As more and more laws are written, they forbid more and more things. Luckily, English has a variety of options for describing something that is against the law.
Illegal, illicit, and unlawful are three options that have been in use for centuries. Do they mean different things, or should choosing illicit or illegal boil down to which is most popular?
What is the Difference Between Illegal and Illicit?
In this article, I will compare illegal vs. illicit. I will use each of these words in at least one example sentence, so you can see them in context. Then, I will show you a way to memorize the correct usage of these words.
When to Use Illegal
What does illegal mean? Illegal is an adjective, where it means not in accordance with laws. In the world of sports, illegal also means against the rules.
Here are a few examples,
- Grayson and Tyner are having way too much fun lighting illegal fireworks.
- Anna was arrested for possession of an illegal firearm.
- The athlete received a penalty for an illegal hold on his opponent.
- Thai transport officials said Thursday that services using private vehicles to transport passengers, such as Uber or Southeast Asia’s GrabCar, are illegal because the vehicles aren’t registered for public transport. –The Washington Post
Illegal is the most common of these three words, so unless you have a very specific circumstance, it will work in most cases. Also, it’s important to note that illegal is not the same thing as criminal.
Anything against the law is illegal, but not all illegal acts are criminal acts. Driving above the speed limit is illegal, but it not a criminal act. Only violations of criminal law are criminal. See a full discussion here.
When to Use Illicit
What does illicit mean? Illicit is another adjective that means against the law. It has connotations of immorality, as in the phrase illicit affair.
Here are some examples,
- Kenny sent Andre’s wife an illicit text message.
- The politician was disgraced when an opponent publicized her illicit communication with a foreign government.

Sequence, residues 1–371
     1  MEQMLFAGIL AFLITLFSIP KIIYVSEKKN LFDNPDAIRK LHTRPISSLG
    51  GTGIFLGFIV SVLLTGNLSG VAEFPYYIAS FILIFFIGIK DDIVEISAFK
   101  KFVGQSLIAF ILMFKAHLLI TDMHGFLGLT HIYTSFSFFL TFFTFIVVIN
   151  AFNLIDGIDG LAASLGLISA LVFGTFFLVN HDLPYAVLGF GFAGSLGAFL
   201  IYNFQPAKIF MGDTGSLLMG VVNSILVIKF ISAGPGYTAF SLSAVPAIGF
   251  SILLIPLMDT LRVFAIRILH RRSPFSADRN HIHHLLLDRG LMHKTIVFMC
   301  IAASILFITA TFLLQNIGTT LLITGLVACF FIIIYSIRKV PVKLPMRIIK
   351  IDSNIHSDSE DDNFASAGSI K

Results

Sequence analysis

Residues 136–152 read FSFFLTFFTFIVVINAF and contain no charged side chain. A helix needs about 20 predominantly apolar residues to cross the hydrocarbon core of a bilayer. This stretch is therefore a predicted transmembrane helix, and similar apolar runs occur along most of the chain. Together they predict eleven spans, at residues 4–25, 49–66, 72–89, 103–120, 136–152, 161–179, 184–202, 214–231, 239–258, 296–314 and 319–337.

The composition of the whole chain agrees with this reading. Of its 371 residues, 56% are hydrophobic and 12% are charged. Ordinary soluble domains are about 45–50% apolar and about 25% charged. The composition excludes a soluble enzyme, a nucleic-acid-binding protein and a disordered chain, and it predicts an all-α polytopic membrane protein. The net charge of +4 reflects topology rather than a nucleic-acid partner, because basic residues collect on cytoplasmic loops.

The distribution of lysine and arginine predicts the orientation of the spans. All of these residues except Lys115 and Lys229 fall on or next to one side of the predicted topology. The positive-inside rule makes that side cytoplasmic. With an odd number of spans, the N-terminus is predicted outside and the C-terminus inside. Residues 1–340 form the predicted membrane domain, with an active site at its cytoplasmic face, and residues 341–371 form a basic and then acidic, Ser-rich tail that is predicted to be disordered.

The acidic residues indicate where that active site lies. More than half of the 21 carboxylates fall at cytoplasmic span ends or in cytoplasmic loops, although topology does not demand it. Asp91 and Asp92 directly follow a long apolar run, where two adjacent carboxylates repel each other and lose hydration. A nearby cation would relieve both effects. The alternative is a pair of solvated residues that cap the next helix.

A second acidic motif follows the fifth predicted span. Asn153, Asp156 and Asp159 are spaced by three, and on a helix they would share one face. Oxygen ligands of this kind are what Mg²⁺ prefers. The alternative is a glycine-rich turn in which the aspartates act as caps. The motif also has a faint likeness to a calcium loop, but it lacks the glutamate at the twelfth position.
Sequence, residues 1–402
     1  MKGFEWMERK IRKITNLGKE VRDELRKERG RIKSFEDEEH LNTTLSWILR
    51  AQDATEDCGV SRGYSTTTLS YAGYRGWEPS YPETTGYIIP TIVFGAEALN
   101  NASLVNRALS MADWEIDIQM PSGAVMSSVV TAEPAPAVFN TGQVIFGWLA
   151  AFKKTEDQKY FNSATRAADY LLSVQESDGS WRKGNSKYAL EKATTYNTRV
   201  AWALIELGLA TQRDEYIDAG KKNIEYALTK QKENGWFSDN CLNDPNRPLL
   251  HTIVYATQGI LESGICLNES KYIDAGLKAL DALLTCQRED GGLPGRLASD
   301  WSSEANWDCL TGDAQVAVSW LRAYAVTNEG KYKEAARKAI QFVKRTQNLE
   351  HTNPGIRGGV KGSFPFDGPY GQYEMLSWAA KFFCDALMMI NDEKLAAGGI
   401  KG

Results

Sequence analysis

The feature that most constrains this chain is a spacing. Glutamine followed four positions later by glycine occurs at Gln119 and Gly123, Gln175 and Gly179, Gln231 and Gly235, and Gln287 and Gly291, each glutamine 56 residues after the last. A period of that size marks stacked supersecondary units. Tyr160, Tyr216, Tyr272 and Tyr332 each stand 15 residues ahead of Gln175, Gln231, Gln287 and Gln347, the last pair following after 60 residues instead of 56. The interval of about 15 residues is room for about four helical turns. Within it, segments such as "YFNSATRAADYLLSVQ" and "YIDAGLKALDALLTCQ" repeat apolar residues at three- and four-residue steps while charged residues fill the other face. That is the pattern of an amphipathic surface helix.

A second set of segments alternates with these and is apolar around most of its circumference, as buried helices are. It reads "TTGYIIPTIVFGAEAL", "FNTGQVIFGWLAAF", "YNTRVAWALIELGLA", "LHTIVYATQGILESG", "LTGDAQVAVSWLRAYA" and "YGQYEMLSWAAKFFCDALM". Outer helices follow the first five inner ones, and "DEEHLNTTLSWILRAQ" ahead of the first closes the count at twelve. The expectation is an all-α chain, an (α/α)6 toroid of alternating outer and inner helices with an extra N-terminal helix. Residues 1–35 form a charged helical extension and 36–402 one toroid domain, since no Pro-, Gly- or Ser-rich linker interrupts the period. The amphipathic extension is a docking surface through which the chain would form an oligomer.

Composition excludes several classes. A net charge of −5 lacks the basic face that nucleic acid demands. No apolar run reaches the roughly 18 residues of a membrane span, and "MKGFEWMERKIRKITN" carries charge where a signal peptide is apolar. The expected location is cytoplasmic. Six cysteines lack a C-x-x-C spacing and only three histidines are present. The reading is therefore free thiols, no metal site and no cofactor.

- Jeremiah downloaded pirated software from an illicit website, and his computer got a virus.
- The share of U.S. workers testing positive for illicit drug use reached its highest level in a decade, according to data from millions of workplace drug tests administered by Quest Diagnostics Inc., one of the nation’s largest medical-screening laboratories. –The Wall Street Journal
A third term, unlawful, has the same meaning as illegal and illicit. As you can see from the chart below, unlawful has been more common than illicit since at least 1800, but is no longer as popular as illegal.
This chart shouldn’t be considered scientifically accurate, since it only looks at books written in English since 1800, but it can still illuminate this clear, long-term trend in usage.
Trick to Remember the Difference
These adjectives are all synonyms, so you could use any of them and still be correct. In contemporary English, illicit carries shades of immorality, and is much less common than illegal or unlawful. Illegal is by far the most popular choice. It would be the most familiar term to most audiences and is, therefore, the safest choice.
Since you would probably also choose legal instead of lawful or licit, you can use illegal’s antonym as a reminder that it is the most common of these words.
Is it illegal or illicit? Illegal, illicit, and unlawful are adjectives that mean against the law. Illegal is the most commonly used, followed by unlawful, and trailed by illicit.
You can use legal as a reminder to use illegal in most cases, since these antonyms are both the most popular choice in their family of options.
If you have additional questions, you can check this site for a quick refresher.